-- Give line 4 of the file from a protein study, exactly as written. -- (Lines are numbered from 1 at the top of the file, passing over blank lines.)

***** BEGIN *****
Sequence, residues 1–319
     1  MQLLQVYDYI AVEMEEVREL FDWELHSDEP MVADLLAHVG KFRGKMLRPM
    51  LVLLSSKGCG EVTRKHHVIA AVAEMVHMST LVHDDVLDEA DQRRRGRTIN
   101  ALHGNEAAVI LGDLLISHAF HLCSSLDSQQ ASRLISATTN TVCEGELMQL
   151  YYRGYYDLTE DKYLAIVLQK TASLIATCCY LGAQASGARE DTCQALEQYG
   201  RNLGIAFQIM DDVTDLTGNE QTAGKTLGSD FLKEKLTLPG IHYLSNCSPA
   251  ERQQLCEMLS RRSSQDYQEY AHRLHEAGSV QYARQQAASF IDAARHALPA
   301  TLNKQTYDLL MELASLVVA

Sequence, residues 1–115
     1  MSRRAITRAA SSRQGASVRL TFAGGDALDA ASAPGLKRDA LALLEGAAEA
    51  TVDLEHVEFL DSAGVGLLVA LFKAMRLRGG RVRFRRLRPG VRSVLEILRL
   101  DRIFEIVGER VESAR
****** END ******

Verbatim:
   101  ALHGNEAAVI LGDLLISHAF HLCSSLDSQQ ASRLISATTN TVCEGELMQL